Tag Archives: VC

‘Barefoot Soldier’ by Johnson Beharry VC

Barefoot Soldier

Johnsson Beharry VC


Published by Sphere

Verdict: 5/5 – Why haven’t you got this yet?

Some people know Johnson Gideon Beharry as the guy from ‘Dancing on Ice.’ He is, however, much more than that, being the first living recipient of the Victoria Cross in over thirty years. Personally, he is also my greatest living hero. The term ‘hero’ is used for popstars, filmstars, footballers and even reality celebs. Some of theses do have talent, but are not heroic in the way that every British soldier is, and the VC recipients are like gods among heroes.

The book ‘Barefoot Soldier’ is the autobiography of Johnson Beharry, detailing his childhood, early adulthood and the action he saw in Iraq  which led to him gaining the VC. I have read the book before so I knew what to expect, and I also knew that I would enjoy it.

Ishould start with the negatives. It took me a while to think of these but I don’t want to sound like a sycophant. The book could do with an update now; I am not sure if this has happened, but since the VC, he has married, had children and been on ‘Dancing on Ice’. I would love to know more of what direction his career has now taken. After becoming a VC what does a guy do next?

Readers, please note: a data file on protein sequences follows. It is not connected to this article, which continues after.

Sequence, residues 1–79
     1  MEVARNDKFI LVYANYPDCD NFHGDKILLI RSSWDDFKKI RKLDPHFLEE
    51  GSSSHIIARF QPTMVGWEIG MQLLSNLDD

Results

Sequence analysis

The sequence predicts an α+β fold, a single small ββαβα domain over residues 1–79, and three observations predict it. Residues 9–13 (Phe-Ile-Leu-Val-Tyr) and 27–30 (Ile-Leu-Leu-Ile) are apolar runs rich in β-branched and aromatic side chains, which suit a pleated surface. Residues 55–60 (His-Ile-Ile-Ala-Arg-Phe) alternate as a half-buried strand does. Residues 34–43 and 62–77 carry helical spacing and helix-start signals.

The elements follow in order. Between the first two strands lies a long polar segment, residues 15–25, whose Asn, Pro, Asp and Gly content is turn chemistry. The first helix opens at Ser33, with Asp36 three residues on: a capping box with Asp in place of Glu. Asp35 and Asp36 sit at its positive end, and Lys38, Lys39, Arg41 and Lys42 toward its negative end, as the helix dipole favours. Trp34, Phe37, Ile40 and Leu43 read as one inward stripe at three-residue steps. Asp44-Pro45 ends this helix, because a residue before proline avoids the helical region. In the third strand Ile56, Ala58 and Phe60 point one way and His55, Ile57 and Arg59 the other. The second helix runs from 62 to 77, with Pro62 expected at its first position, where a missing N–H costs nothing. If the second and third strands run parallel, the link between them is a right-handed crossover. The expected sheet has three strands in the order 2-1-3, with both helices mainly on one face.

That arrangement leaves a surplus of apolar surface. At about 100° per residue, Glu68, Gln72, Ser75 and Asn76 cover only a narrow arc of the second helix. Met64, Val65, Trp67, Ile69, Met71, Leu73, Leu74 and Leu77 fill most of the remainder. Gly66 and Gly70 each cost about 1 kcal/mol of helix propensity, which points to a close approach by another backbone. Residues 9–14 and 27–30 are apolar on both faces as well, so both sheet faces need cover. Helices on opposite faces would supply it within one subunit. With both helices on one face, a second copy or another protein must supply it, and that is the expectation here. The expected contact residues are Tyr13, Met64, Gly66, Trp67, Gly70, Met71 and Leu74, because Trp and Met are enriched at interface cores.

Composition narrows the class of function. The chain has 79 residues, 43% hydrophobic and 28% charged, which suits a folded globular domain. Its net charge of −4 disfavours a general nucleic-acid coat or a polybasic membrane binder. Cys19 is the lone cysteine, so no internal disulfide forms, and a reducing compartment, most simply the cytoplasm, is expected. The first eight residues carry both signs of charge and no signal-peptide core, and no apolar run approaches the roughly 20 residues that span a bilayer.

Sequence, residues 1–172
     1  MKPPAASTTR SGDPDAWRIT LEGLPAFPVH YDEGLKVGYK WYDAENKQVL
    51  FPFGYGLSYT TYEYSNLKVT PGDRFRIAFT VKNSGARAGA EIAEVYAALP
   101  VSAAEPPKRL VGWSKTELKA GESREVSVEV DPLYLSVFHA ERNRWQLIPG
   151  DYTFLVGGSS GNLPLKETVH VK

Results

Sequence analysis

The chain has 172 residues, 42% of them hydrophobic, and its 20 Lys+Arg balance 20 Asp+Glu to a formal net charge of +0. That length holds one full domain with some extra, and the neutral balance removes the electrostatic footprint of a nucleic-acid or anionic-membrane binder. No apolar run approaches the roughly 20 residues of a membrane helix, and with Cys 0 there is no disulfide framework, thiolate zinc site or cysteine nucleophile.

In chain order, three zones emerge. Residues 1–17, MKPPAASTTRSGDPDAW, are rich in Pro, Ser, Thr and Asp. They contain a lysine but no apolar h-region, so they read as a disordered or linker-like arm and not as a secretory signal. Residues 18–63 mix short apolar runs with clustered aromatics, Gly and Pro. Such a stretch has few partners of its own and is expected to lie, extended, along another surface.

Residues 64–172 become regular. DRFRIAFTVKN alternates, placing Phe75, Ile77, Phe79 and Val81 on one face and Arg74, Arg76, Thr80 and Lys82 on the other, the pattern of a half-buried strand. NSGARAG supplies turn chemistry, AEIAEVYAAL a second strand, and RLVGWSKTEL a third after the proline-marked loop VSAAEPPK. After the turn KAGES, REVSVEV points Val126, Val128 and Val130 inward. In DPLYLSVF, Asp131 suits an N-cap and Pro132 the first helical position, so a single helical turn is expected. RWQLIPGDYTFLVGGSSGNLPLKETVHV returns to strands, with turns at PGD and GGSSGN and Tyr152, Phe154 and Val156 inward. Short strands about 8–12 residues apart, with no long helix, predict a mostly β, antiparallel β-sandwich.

That is possibly the only downside, as the book tackles the trials that Beharry went through all of his life, from an alcoholic father, a slide towards womanising and drinking to some tough times in the army. The book is not an ego trip – Beharry has character flaws as we all do, and he mentions them. He sometimes skived, he drank, he may have turned out worse had it not been for the army. He is modest, as many VC winners are; “just doing my job”.

Being written first person, it delves into Beharry’s mind, something that is missing in history books, news reports and biographies. We get to learn more of who Beharry is and what drove him on. We learn he is really a normal guy who wants a simple life and somehow became a hero.

Who is the book for? I would love everyone to read the book; we can be proud of our British armed forces and the heroes that make them up. He should inspire British children but also the poor and ethnic groups. There is a discussion in the UK about there not being enough black rôle models – here is one of the greatest black heroes I can think of (please don’t argue the point, I write, not discuss race!). Politicians should also read the book to learn about our fantastic armed forces that they seem intent on destroying.

To rate the book, I would have to give it the full marks, and recommend it to everyone and if there are any directors out there, make this into a biopic.